The 790-foot, cargo vessel, S.S. El Faro, en route from Jacksonville, Florida, to San Juan, Puerto Rico, sank on 1 October 2015, in the Atlantic Ocean during Hurricane Joaquin, taking the lives of all 33 aboard.

“We may never understand why the captain failed to heed his crew’s concerns about sailing into the path of a hurricane, or why he refused to chart a safer course away from such dangerous weather,” said NTSB Chairman Robert L. Sumwalt.  “But we know all too well the devastating consequences of those decisions.”

Safety issues

  • Captain’s actions
  • Use of noncurrent weather information
  • Late decision to muster the crew
  • Ineffective bridge resource management
  • Inadequate company oversight
  • Company’s safety management system
  • Flooding in cargo holds
  • Loss of propulsion
  • Downflooding through ventilation closures
  • Need for damage control plan
  • Lack of suitable survival craft

Probable Cause

NTSB determines that the probable cause of the sinking of El Faro was the captain’s insufficient action to avoid Hurricane Joaquin, his failure to use the most current weather information, and his late decision to muster the crew. Contributing to the sinking was ineffective bridge resource management on board El Faro, which included the captain’s failure to adequately consider officers’ suggestions. Also contributing to the sinking was the inadequacy of both TOTE’s oversight and its safety management system.

The ship departed Florida on 29 September 2015, and had a range of navigation options that would have allowed it to steer clear of the storm that later became a Category 4 hurricane, NTSB noted. The captain, consulting outdated weather forecasts and ignoring the suggestions of his bridge officers to take the ship farther south and away from the storm, ordered a course that intersected with the path of a hurricane that pounded the ship with 35-foot seas and 100 mph winds.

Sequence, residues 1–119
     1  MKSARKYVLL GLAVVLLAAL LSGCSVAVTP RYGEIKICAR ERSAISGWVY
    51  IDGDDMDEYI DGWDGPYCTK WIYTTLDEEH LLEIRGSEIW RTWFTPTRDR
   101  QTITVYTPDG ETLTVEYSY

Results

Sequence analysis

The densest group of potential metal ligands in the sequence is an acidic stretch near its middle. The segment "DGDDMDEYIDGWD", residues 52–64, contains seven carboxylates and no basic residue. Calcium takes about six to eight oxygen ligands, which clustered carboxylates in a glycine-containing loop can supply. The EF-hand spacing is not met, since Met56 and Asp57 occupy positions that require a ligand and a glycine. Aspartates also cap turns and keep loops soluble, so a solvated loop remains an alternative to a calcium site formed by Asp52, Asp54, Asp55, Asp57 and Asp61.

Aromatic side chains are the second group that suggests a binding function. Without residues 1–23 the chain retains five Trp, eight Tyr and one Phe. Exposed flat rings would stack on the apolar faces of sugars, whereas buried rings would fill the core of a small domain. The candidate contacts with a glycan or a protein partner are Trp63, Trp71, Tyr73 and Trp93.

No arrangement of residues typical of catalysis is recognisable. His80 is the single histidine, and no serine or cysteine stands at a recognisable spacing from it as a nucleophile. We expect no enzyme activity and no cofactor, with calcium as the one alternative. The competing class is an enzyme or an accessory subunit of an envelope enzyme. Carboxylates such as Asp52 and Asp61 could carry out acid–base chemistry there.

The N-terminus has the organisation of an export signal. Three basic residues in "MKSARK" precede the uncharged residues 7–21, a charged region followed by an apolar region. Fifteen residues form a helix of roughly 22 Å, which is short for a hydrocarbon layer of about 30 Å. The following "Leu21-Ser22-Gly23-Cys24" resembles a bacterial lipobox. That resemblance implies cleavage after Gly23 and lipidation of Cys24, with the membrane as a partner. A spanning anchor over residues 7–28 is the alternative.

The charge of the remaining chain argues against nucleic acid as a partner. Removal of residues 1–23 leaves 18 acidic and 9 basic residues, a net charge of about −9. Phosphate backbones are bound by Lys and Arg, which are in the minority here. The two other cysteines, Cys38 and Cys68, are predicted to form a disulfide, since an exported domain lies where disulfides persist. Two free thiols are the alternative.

As the ship sailed into the outer bands of the storm, about five hours prior to the sinking, its speed decreased and it began to list to starboard due to severe wind and seas. In the last few hours of the voyage, the crew struggled to deal with a cascading series of events, any one of which could have endangered the ship on its own.

Seawater entered the ship through cargo loading and other openings on a partially enclosed deck in the ship’s hull, pooled on the starboard side and poured through an open hatch into a cargo hold.  The hold began to fill with seawater, and automobiles in the hold broke free of lashings and likely ruptured a fire main pipe that could have allowed thousands of gallons of seawater per minute into the ship – faster than could be removed by bilge pumps.

About 90 minutes before the sinking, the listing ship lost its propulsion and was unable to maneuver, leaving it at the mercy of the sea. Although the captain ordered the crew to abandon ship when the sinking was imminent, the crew’s chances of survival were significantly reduced because El Faro was equipped with life rafts and open uncovered lifeboats ineffective in hurricane conditions.

The NTSB also said that the poor oversight and inadequate safety management system of the ship’s operator, TOTE, contributed to the sinking.

“Although El Faro and its crew should never have found themselves in such treacherous weather, that ship was not destined to sink,” said Sumwalt.  “If the crew had more information about the status of the hatches, how to best manage the flooding situation, and the ship’s vulnerabilities when in a sustained list, the accident might have been prevented.”

Explore more in the official accident report herebelow: